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Surviving What?: Too Many Funerals

Attendance at too many funerals affects the physical, spiritual, social and cultural wellbeing of Aboriginal people.

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‘The Globalization of Addiction’ by Bruce Alexander

globalizationofaddiction2‘Global society is drowning in addiction to drug use and a thousand other habits.

This is because people around the world, rich and poor alike, are being torn from the close ties to family, culture, and traditional spirituality that constituted the normal fabric of life in pre-modern times. This kind of global society subjects people to unrelenting pressures towards individualism and competition, dislocating them from social life.

People adapt to this dislocation by concocting the best substitutes that they can for a sustaining social, cultural and spiritual wholeness, and addiction provides this substitute for more and more of us.’

I’ve taken these words from Bruce Alexander’s website and can highly recommend his book, The Globalization of Addiction, which highlights the role of disconnection or dislocation in the development of addiction. This theory makes much more sense than the classical disease model focusing on the role of brain neurotransmitters in addiction.

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Making Early Sobriety Fun

DSCF1300Mike Scott found this interesting article on the Drug & Alcohol Addiction Recovery magazine website. Here’s just a taster about ‘Fun Without Drugs’:

‘The most challenging thing about having fun without drugs or alcohol is learning how to get outside of yourself. The feelings associated with early sobriety are often dark and heavy, and it can be difficult to fight through these feelings and lighten up enough to enjoy yourself. In fact, some recovering alcoholics and addicts are so certain they can’t get over their dark feelings that they don’t even try.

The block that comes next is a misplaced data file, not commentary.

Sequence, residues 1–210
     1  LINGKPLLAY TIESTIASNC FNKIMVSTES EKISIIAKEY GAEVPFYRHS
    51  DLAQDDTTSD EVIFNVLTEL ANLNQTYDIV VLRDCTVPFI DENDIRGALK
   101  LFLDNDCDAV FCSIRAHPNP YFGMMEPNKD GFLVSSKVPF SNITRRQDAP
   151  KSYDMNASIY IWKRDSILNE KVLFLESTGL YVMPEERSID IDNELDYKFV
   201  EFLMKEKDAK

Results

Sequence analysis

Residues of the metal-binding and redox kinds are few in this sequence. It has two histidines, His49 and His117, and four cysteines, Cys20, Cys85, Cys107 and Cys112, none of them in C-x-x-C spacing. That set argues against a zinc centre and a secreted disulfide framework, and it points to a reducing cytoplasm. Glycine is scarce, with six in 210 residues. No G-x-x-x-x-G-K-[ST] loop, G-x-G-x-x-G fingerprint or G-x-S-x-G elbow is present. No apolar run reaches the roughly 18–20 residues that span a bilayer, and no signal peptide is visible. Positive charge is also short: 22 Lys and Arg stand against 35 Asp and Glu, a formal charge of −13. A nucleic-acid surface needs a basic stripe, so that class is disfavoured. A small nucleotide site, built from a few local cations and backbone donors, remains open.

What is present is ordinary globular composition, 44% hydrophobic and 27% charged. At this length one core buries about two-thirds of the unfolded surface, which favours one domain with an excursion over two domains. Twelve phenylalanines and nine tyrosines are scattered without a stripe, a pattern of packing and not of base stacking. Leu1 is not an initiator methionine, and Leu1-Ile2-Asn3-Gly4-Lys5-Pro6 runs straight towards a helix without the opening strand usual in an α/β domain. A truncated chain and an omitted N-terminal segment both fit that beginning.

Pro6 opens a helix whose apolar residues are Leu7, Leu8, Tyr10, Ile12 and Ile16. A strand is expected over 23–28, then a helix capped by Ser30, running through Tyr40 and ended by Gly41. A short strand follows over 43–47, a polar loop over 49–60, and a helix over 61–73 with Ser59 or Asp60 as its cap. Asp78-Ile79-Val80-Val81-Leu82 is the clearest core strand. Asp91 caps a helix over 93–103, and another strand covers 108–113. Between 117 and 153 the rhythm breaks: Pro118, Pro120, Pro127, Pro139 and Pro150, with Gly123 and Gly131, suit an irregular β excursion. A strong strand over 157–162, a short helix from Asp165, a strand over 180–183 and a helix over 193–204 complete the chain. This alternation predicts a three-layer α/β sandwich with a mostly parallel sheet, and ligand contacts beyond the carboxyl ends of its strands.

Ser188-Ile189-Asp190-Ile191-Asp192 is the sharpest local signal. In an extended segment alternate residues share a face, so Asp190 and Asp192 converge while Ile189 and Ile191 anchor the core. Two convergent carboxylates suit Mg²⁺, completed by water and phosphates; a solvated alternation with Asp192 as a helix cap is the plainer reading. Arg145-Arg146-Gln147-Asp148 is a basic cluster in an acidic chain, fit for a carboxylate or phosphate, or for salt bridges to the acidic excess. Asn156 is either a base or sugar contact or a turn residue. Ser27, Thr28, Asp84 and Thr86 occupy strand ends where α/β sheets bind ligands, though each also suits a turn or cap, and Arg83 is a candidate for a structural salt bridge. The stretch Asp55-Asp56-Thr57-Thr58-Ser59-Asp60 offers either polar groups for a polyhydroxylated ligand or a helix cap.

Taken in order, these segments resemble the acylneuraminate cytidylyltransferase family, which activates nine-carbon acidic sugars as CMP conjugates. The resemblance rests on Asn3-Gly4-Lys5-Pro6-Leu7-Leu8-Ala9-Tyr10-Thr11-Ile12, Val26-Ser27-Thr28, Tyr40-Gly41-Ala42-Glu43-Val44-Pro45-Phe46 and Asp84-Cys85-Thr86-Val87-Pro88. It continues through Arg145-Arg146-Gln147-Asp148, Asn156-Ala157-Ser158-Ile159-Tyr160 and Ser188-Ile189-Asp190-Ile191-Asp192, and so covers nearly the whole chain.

But this is the wrong approach. Even if it is difficult to have fun during the early stages, one must trust the recovery program enough to know that it will eventually lead to better feelings. It’s a chicken-egg situation: It’s hard to have fun until you’ve made progress in your recovery, and your recovery will be slow if you don’t learn how to get out and enjoy life on its own terms.

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‘Recovery: what matters?’ by David McCartney

IMG_2315Here’s an interesting Wired In To Recovery blog from David McCartney from September 2013 about the importance of social relationships.

‘If you wanted to live a long and healthy life, what measures could you take to achieve your goals? Stop smoking? Lose weight? Exercise? Drop your blood pressure? We have evidence that all of these make a difference, but a recent analysis of 148 studies on the subject found two things that made more of a difference to mortality than anything else. What were they?

Well, having strong social relationships and being integrated socially seem to protect against death. This analysis was not specifically about addiction, but suffering from addiction is strongly associated with increased death rates and it seems very likely that if we could promote strong social links in those seeking help it will reduce the risk of relapse and ultimately of early death.

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‘Recovery and the Conspiracy of Hope’ by Pat Deegan

2007_0116walpole0154Here is a classic presentation made by Pat Deegan at “There’s a Person In Here”, The Sixth Annual Mental Health Services Conference of Australia and New Zealand. Brisbane, Australia.

Beautiful writing, a must-read. I’ll wet your appetite:

‘I love the word conspiracy. It comes from the Latin “conspirare” which means to breath the spirit together. What is the spirit we are breathing together here today?

It is a spirit of hope. Both individually and collectively we have refused to succumb to the images of despair that so often are associated with mental illness.

Read More ➔